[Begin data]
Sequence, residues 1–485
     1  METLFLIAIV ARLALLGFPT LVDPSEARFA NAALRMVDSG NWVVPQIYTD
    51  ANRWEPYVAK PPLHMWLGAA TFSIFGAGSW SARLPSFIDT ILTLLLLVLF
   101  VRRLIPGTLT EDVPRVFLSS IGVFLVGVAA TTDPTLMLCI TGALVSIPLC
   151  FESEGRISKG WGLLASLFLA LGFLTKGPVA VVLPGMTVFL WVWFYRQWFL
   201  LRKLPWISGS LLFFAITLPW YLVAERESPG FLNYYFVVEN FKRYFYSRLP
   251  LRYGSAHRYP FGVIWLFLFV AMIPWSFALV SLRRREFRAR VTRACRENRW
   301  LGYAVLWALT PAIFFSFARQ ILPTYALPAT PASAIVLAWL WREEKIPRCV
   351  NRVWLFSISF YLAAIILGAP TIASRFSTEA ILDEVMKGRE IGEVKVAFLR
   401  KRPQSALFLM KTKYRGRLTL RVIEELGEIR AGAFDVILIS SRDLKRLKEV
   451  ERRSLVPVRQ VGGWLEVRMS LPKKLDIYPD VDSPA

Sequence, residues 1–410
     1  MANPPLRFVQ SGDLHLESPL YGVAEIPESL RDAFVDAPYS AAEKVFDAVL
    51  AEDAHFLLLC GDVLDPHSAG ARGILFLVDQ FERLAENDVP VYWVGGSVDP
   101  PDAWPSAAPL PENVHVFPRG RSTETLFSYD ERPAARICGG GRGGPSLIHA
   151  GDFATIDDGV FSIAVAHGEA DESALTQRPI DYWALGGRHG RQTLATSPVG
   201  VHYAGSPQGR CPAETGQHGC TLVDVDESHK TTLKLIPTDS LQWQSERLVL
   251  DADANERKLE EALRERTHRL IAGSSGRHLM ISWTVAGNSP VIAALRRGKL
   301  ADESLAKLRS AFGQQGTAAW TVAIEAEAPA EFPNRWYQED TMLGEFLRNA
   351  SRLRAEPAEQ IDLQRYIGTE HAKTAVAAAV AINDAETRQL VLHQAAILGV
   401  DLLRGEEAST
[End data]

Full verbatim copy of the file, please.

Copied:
Sequence, residues 1–485
     1  METLFLIAIV ARLALLGFPT LVDPSEARFA NAALRMVDSG NWVVPQIYTD
    51  ANRWEPYVAK PPLHMWLGAA TFSIFGAGSW SARLPSFIDT ILTLLLLVLF
   101  VRRLIPGTLT EDVPRVFLSS IGVFLVGVAA TTDPTLMLCI TGALVSIPLC
   151  FESEGRISKG WGLLASLFLA LGFLTKGPVA VVLPGMTVFL WVWFYRQWFL
   201  LRKLPWISGS LLFFAITLPW YLVAERESPG FLNYYFVVEN FKRYFYSRLP
   251  LRYGSAHRYP FGVIWLFLFV AMIPWSFALV SLRRREFRAR VTRACRENRW
   301  LGYAVLWALT PAIFFSFARQ ILPTYALPAT PASAIVLAWL WREEKIPRCV
   351  NRVWLFSISF YLAAIILGAP TIASRFSTEA ILDEVMKGRE IGEVKVAFLR
   401  KRPQSALFLM KTKYRGRLTL RVIEELGEIR AGAFDVILIS SRDLKRLKEV
   451  ERRSLVPVRQ VGGWLEVRMS LPKKLDIYPD VDSPA

Sequence, residues 1–410
     1  MANPPLRFVQ SGDLHLESPL YGVAEIPESL RDAFVDAPYS AAEKVFDAVL
    51  AEDAHFLLLC GDVLDPHSAG ARGILFLVDQ FERLAENDVP VYWVGGSVDP
   101  PDAWPSAAPL PENVHVFPRG RSTETLFSYD ERPAARICGG GRGGPSLIHA
   151  GDFATIDDGV FSIAVAHGEA DESALTQRPI DYWALGGRHG RQTLATSPVG
   201  VHYAGSPQGR CPAETGQHGC TLVDVDESHK TTLKLIPTDS LQWQSERLVL
   251  DADANERKLE EALRERTHRL IAGSSGRHLM ISWTVAGNSP VIAALRRGKL
   301  ADESLAKLRS AFGQQGTAAW TVAIEAEAPA EFPNRWYQED TMLGEFLRNA
   351  SRLRAEPAEQ IDLQRYIGTE HAKTAVAAAV AINDAETRQL VLHQAAILGV
   401  DLLRGEEAST